Erythrina variegata

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Tiger's Claw
Tree in Kolkata, West Bengal, India.
Scientific classification
Kingdom: Plantae
(unranked): Angiosperms
(unranked): Eudicots
(unranked): Rosids
Order: Fabales
Family: Fabaceae
Genus: Erythrina
Species: E. variegata
Binomial name
Erythrina variegata
L.

Erythrina variegata (syn. E. indica Lam., E. variegata var. orientalis (L.) Merr.; Tiger's Claw, Indian Coral Tree and Sunshine Tree; Pāli: pāricchattaka; Sanskrit: pārijāta, पारिजात) is a species of Erythrina native to the tropical and subtropical regions of eastern Africa, the Indian Subcontinent, northern Australia, and the islands of the Indian Ocean and the western Pacific Ocean east to Fiji.[1]

Description[edit]

It is known as the Roluos Tree in Cambodia, deigo or deegu on Okinawa, drala on Fiji, madar in Bangladesh, Modar in Assam, dapdap in the Philippines,[2] erabadu in Sri Lanka, man da ra ba in Tibet, as thong lang in Thailand and as vông nem in Vietnam.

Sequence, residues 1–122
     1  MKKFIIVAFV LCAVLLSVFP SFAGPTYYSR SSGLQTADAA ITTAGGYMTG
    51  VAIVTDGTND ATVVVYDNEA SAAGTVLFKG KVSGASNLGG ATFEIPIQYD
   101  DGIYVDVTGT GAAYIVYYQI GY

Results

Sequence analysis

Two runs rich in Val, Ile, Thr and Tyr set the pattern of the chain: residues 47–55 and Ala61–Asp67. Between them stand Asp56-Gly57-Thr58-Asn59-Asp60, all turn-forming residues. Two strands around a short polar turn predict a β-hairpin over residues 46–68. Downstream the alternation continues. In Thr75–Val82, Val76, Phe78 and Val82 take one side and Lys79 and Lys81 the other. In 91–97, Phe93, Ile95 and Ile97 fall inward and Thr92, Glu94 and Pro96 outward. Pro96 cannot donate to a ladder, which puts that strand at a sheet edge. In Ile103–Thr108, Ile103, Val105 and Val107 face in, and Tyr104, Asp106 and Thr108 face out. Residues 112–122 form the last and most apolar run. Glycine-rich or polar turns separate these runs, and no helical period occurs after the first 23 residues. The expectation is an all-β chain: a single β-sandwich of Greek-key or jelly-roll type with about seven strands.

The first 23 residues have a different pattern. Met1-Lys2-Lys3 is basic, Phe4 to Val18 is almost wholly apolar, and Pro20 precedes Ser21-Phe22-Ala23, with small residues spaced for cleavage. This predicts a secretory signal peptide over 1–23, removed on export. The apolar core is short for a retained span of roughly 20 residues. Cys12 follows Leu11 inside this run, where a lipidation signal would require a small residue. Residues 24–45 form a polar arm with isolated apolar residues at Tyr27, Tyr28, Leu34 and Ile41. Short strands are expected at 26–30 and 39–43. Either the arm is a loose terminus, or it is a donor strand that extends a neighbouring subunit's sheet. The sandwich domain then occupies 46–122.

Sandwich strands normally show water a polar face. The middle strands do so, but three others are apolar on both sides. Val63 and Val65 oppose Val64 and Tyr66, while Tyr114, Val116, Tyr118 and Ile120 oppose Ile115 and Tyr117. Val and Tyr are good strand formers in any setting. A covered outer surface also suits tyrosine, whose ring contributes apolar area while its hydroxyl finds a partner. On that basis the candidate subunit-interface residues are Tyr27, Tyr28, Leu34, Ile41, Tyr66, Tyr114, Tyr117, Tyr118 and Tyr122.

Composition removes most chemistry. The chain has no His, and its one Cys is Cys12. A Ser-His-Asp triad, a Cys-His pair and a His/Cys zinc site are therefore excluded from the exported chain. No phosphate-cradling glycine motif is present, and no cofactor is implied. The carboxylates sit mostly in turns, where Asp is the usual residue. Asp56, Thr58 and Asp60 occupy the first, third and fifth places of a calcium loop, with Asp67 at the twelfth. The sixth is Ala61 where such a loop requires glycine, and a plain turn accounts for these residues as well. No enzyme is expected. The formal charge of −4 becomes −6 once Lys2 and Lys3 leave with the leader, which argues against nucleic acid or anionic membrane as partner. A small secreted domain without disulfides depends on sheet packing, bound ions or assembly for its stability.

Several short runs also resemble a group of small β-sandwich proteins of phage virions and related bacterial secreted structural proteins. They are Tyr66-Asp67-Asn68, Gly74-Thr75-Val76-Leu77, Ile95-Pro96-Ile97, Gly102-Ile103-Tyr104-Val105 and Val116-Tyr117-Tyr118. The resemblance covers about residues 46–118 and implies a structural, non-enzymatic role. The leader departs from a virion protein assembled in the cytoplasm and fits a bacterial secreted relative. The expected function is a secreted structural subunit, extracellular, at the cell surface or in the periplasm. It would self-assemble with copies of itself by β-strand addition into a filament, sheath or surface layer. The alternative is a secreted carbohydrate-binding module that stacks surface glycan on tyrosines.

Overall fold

Flower in Kolkata, West Bengal, India.

It is a thorny deciduous tree growing to 27 m (89 ft) tall. The leaves are pinnate with a 20 cm petiole and three leaflets, each leaflet up to 20 cm long and broad. It has dense clusters of scarlet or crimson flowers and black seeds.[3]

It is valued as an ornamental tree. Several cultivars have been selected, including 'Alba' with white flowers.[3]

It was designated the official flower of Okinawa Prefecture in 1967. The deigo flower features in the popular song "Shima Uta" by The Boom, one of the most well-known songs associated with Okinawa. In addition, the use of the wood of the deigo tree is one of the unique characteristics of Ryukyuan lacquerware.

In Vietnam, the leaves are used to wrap fermented meat (Vietnamese: nem).

The Tamils call it as "mullu murukkan" (Tamil: முள்ளுமுருக்கன்). In Siddha medicine it is used especially for menstrual disorders and fissures at penis tip (Tamil: ஆண்குறிப்புண்).

References[edit]

  1. ^ Germplasm Resources Information Network: Erythrina variegata
  2. ^ (2011-08). "Dapdap". Philippine Medicinal Plants. Retrieved on 2012-06-12.
  3. ^ a b Huxley, A., ed. (1992). New RHS Dictionary of Gardening. Macmillan ISBN 0-333-47494-5.

External links[edit]

Media related to Erythrina variegata at Wikimedia Commons